Brian and I both wondered if The Hornbill Festival would live up to its hype. We hadn't gone so far as to enter the "Welcome to the Hornbill Festival" gate and our high expectations were outmatched. A line of Angami men and women from a single village lined the road to the festival site to celebrate the governor's arrival.
The stadium was a sea of repeating colors and patterns, as representatives from each of the 16 tribes prepared to perform. If Brian and I were visiting alone, we probably would have found a secluded spot on the far top rung of the stadium so that we could take photographs with our new zoom lens and not disturb anyone. Mele, however, motioned for us to come down further...and further...and further...until we were sitting shoulder to shoulder with the Ao tribe. As soon as they saw us, they asked if they could take pictures with us. That has been one of the most remarkable parts of this experience. Everywhere we go, strangers give their cell phones to friends and ask if they could have their picture taken with us. This first photograph, for example. I did not ask that guy for a photograph--he asked if he could have one taken with Brian and me. Soon, Brian was sitting with the men (who wanted to try on his Yankees visor) and I was sitting with the women. The women gave me feathered earrings, lip gloss, and Indian gum as I passed out Tootsie Rolls and sun block. Many of us are now friends on Facebook.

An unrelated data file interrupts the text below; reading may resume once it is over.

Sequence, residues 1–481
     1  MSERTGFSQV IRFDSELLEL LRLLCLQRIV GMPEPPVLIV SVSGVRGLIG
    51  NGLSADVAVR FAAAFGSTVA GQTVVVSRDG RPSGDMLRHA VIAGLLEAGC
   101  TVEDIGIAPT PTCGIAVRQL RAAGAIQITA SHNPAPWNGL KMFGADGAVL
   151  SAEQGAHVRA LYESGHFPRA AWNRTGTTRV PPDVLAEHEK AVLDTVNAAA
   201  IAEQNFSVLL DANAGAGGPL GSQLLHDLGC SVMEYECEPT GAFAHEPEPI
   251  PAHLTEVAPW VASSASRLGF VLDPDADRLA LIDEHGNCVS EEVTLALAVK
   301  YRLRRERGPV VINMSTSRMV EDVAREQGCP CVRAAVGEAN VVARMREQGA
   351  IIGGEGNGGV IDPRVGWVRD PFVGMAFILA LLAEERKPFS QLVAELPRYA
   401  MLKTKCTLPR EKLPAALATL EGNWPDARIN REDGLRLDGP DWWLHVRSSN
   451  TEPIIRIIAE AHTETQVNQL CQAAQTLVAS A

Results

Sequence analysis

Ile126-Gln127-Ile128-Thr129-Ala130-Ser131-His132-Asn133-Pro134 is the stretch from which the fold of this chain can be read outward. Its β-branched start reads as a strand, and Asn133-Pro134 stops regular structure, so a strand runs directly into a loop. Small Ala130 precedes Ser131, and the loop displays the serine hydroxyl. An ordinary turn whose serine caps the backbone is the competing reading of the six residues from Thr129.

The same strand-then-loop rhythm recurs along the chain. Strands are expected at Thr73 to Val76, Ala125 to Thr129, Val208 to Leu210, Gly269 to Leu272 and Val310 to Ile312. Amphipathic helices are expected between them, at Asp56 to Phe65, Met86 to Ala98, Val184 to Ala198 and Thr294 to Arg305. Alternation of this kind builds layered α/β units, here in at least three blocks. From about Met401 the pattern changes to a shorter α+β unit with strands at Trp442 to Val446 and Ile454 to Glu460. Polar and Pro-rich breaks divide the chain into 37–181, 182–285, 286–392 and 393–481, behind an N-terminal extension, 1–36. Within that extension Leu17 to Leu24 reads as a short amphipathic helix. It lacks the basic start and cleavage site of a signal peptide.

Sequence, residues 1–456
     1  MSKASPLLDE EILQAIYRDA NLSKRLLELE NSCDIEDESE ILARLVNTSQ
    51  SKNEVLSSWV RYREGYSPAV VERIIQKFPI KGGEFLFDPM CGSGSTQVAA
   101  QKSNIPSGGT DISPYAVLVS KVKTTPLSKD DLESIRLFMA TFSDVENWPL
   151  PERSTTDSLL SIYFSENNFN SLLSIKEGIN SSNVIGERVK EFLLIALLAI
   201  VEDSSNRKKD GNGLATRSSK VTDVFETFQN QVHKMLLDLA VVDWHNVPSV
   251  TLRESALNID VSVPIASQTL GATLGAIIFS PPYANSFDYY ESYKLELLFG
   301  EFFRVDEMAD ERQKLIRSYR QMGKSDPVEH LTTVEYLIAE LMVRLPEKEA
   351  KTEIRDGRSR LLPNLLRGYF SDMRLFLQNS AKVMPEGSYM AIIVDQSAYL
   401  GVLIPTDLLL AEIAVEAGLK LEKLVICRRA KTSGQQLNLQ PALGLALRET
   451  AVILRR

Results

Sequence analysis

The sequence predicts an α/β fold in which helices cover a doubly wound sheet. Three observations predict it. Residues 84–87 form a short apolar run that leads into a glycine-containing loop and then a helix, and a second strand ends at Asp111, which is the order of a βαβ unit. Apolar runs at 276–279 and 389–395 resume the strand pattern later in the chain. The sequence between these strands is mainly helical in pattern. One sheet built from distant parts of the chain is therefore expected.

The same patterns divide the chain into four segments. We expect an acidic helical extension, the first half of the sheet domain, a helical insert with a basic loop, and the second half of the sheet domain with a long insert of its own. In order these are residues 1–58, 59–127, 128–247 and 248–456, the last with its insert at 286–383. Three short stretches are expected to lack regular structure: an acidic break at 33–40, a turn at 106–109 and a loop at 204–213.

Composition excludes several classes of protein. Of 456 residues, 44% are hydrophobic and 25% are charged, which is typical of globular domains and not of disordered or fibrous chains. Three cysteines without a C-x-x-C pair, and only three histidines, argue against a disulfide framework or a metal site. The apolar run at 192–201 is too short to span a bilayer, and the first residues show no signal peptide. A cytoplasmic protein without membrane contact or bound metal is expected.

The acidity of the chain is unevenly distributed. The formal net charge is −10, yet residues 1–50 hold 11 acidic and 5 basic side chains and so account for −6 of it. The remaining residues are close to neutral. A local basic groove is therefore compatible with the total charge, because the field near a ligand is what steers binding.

The group that we sat with--the Aos--were very young and very progressive. Many of them were in college and only home for the Festival. Immediately to our right, however, were the Konyaks, a much older, more traditional, and far more intense tribe. Here, you see us photographed with Angh, the King of the Konyaks. This is a REALLY big deal. He is not just dressed for the occasion~~He is the Chief of one of the most powerful tribal regions on earth, one that has retained much of its indigenous culture despite the forces of globalization. He has 11 wives (I'm not sure why this is important) and his morung straddles the Naga/Burmese border, with 1/2 of it in India and 1/2 in Myanmar. He is no joke.
Regarding the language:
All of the signs are in English. There is no written form of Nagamese or of any of the 100+ village languages in Nagaland. I am not sure how many people speak English~~We have not had any problems at all but we have also had Mele with us at all times to translate as needed. Mele has acted as our guide to Nagaland in every dimension. He meets us for breakfast in the morning, drives us from place to place all day, and has dinner with us at night. We are not an easy pair to keep on track; he has mastered the technique.